Yes, we can afford a better future

Posted by Malcolm Kenton
on Wednesday, November 04, 2015

Nobody who is familiar with American passenger rail, or infrastructure in general, can deny the great need for rebuilding and renewal on a number of corridors, most notably the Northeast Corridor but also many others — and long-distance routes should be thought of as multiple corridors served by one train, each of which has the potential to expand.  But sadly, when questions are asked as to why we have failed to make these investments, many in government and the industry lament “we don’t have the money.” And too many people take this to be the unfortunate, but unavoidable, state of affairs.

Kansas City Union Station under construction in 1914. Photo from Union Station Kansas City Inc.
Big projects have always cost a lot of money — almost always more than was available in a particular bank account at any given time. And the transportation business has always thrived on speculation and optimism about an uncertain future. But try to imagine New York City without its subway, or San Francisco without BART or Muni. Or cities without such pride-inspiring landmarks as the Union Stations of Washington, Cincinnati, Kansas City, Los Angeles or Portland. Or this country without its railroad network or the Interstate Highway System. The standard of living we enjoy today just wouldn’t be possible. None of these was built overnight — they required multi-year commitments and the willingness to spend a lot in the short term for the promise of long-term benefit.

The returns on these investments come not just in the form of financial gain for the individuals and companies for whom commerce and employment are made easier, but also in the less tangible forms of better public service and increased civic pride. Failure to take on needed big tasks, or to take them on competently, begets public cynicism and skepticism towards leaders and “experts,” setting off a vicious cycle. But once that cycle is reversed, the civic satisfaction citizens feel in seeing things get done begets greater will to do more. Public goodwill is a valuable commodity that is not cheap.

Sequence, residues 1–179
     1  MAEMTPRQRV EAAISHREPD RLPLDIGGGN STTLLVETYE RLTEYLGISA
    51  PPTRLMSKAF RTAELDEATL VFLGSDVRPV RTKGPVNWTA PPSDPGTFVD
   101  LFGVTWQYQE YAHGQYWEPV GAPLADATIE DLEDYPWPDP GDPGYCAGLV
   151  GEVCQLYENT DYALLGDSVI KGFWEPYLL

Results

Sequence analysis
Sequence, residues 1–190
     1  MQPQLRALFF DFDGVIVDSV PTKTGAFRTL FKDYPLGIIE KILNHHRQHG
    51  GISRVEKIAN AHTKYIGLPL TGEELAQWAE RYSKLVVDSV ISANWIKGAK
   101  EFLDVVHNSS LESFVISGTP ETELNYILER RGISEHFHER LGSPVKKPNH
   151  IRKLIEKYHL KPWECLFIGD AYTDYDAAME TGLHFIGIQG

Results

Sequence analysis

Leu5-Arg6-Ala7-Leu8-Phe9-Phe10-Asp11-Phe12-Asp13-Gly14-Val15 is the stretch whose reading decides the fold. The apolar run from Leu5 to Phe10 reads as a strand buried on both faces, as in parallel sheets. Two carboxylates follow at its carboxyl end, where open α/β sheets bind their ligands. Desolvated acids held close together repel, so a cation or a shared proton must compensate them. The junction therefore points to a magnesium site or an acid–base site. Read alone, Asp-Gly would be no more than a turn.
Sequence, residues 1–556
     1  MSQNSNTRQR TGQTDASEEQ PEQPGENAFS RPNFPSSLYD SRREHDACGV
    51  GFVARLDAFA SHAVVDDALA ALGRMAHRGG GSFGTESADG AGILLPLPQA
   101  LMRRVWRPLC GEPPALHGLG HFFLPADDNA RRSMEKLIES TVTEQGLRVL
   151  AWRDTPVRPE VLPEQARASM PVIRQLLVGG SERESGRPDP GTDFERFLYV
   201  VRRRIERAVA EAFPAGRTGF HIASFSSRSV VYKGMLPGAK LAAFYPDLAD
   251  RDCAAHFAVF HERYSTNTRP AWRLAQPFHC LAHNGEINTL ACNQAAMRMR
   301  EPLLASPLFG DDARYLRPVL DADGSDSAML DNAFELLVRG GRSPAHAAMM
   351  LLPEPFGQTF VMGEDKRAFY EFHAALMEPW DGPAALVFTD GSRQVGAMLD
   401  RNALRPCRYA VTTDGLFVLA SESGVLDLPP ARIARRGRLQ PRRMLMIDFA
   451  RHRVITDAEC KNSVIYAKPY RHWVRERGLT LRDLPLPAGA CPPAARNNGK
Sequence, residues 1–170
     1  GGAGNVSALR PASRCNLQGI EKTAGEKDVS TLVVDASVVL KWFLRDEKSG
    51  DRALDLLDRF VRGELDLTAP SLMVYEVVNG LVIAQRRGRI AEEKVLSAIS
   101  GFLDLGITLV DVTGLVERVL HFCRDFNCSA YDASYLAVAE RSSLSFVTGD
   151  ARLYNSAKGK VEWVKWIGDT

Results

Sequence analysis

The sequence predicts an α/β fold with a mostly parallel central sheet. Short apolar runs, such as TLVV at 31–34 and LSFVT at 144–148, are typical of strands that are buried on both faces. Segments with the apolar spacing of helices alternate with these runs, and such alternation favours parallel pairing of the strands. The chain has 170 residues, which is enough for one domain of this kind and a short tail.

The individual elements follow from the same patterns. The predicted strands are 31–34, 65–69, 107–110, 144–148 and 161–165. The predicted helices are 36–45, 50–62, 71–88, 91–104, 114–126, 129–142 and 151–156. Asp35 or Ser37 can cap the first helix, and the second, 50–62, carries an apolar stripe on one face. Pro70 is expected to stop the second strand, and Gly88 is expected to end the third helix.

When people say “we don’t have the money,” what I hear instead is “it’s not a priority.” Past mega-projects eventually succeeded because enough leaders decided that they were important enough priorities that they found a way to pay for them, committing the necessary resources to them each year for as long as it took. The same could be said about the wars in Afghanistan and Iraq. Like it or not, two successive presidents and majorities in Congress have decided that these war efforts were important enough to spend trillions of dollars, much of it borrowed money, for which nearly everyone could think of other (perhaps better) uses. 

For conversations to end with “we don’t have the money” represents defeatist thinking. Instead, we should all be making the case that achieving the improved mobility and connectivity, increased economic output and job creation, and long-term social and environmental benefits that these projects will deliver is something that’s worth finding a way to pay for — even if it means adding to the national debt in the short run. 

Those of us who are convinced that particular capital improvements — building new rail tunnels under the Hudson River, unclogging bottlenecks in Chicago, expanding Washington Union Station or double-tracking the North Carolina Piedmont corridor, as examples — are national necessities should be willing to mount a full-throated defense of paying for them, regardless of the grumblings of penny-pinchers and deficit hawks. Doing what needs to be done has always and will always take courage and the willingness to make down payments without an immediate return. It also requires a degree of optimism and particular attention to inspiring and maintaining public confidence. Constant fretting about how we’re going to pay for it is counterproductive.

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